Free spaces for youth

In an urban world widely governed by rules and prohibitions, the wild structures of abandoned industrial land do not only give children the feel­ing of freedom and adventure. Urban-industrial woodlands like the Rheinelbe area also attract adolescents. The category of “adolescents’ ac­tivities” in Table 1 summarises activities that teenagers typically pursue in unsupervised spaces. The diverse structures within the woodlands provide places where adolescents can act without being observed by adults. These adolescent activities constituted some of the most frequent activities at the Rheinelbe area during the observation period in 1997 (Table 1). The re­sults obtained from the other analysed areas were similar.

One typical activity of adolescents was the establishment and use of a self-made inline-skating or skateboard run. Located in a clearing sur­rounded by trees and an earthen bank, it was hardly visible from outside (Fig. 2). This use is not a forbidden one, but at other places the young peo­ple would not have been allowed to put up the run without official permis­sion. In addition to the tree houses and huts which appear frequently this is a good example of “self-determined use” or “appropriation activities” as definded by Nohl (1981). The “unfinished” appearance of such an open space stimulates creative activities. One of the remarkable features of the urban woodlands of the Ruhr is that the co-existence of use and nature is allowed.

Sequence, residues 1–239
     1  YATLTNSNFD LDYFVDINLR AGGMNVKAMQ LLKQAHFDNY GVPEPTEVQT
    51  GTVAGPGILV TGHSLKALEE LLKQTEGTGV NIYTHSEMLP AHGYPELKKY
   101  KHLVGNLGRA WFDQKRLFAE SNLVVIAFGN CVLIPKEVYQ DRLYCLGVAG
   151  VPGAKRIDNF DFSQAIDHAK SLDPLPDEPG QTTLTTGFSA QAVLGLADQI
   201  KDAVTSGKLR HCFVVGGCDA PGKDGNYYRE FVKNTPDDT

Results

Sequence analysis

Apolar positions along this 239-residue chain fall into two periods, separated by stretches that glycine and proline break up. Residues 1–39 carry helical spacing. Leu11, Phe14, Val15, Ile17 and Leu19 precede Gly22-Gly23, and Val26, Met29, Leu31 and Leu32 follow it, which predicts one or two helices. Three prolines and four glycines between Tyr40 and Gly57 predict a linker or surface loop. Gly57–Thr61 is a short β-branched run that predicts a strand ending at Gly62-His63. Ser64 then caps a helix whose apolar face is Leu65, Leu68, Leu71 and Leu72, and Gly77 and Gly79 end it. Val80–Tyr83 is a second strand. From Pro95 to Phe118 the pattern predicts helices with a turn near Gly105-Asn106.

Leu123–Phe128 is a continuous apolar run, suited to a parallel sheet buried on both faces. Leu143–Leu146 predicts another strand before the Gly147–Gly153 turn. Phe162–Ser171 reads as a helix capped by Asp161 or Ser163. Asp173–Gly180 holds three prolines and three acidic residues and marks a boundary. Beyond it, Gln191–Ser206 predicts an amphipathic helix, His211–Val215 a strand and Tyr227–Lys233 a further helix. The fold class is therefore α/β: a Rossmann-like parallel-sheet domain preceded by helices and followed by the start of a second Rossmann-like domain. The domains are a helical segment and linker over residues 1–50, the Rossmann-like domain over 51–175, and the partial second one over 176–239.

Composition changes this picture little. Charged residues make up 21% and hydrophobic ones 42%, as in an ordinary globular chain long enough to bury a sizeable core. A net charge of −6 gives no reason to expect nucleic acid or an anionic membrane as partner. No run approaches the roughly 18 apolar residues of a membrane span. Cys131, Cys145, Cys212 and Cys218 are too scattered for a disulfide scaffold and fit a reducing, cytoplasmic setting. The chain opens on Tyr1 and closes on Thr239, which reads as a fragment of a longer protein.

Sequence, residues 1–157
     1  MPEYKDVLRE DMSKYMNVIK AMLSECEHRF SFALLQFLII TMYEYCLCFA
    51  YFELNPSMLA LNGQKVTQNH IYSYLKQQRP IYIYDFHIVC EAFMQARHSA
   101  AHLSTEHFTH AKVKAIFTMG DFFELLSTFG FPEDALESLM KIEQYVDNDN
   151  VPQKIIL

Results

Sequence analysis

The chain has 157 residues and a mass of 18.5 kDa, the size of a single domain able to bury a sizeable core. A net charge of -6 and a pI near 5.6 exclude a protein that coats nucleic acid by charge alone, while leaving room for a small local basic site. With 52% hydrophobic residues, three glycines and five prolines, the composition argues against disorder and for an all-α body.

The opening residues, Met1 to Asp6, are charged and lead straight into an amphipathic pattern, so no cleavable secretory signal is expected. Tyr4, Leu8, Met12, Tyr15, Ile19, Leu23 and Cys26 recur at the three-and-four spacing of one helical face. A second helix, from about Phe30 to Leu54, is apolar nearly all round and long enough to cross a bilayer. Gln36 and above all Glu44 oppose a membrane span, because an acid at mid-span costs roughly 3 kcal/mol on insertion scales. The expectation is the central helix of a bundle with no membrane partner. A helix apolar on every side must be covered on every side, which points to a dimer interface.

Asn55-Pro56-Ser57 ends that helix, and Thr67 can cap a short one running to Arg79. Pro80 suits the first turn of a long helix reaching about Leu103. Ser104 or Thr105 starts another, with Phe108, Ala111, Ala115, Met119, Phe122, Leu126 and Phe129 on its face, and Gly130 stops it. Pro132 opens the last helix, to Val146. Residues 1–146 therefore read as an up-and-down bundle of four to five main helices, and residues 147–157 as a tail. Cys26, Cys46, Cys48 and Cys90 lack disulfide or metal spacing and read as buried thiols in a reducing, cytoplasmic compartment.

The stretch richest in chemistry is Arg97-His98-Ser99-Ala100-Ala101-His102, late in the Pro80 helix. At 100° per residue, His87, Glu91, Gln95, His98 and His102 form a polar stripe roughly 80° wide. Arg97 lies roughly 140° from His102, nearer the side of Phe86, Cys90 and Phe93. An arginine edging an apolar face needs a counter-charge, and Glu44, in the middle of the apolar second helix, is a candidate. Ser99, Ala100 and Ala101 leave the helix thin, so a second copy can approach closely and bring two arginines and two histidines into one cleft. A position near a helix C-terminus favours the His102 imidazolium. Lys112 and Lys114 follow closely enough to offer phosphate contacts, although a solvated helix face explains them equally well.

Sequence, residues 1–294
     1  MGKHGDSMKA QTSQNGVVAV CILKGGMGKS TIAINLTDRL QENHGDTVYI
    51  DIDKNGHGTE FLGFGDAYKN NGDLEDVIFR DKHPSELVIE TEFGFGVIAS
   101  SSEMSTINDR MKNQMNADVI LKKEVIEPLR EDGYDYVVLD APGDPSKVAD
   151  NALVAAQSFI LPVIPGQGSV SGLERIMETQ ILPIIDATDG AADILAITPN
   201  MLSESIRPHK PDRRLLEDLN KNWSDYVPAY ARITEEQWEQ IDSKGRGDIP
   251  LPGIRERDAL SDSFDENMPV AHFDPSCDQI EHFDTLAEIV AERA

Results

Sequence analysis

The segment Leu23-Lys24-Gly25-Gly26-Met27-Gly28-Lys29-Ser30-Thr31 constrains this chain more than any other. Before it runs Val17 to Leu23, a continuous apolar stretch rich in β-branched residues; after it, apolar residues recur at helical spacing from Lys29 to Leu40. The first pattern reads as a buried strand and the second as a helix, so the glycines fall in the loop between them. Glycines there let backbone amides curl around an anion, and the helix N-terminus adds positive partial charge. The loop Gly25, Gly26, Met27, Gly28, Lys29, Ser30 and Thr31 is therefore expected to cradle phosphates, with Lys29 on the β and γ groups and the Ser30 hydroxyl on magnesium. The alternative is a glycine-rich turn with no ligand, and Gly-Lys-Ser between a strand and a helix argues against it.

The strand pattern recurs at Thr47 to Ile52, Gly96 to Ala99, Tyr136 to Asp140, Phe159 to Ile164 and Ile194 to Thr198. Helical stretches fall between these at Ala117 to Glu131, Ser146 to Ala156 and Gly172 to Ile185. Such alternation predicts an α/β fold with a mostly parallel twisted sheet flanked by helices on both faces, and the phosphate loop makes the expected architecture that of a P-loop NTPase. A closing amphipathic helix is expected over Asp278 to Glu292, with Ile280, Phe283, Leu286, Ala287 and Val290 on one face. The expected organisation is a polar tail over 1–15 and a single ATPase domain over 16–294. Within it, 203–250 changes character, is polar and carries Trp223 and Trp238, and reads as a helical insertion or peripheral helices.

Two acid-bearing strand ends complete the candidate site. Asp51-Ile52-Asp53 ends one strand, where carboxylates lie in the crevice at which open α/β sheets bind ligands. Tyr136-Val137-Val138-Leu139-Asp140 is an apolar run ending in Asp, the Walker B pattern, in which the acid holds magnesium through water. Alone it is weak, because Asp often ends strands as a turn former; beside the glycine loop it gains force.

Fig. 2. Self-built skate run established by adolescents at the Rheinelbe area (sum­mer 1997, photo from photo campaign)

However, a negative aspect must be mentioned. As these activities of young people become excessive, significant vandalism and undesirable “extreme” uses are to be observed as well. In the urban woodlands that be­long to the “Industriewald Ruhrgebiet”, forestry officers control such ac­tivities simply by being present (see Dettmar 2005).

In summary, the following thesis regarding young people can be formed: Industrial fallow land and urban woodlands are important inner – urban rule-free spaces for youth. The nature that has developed on these areas is, however, of little direct relevance to them.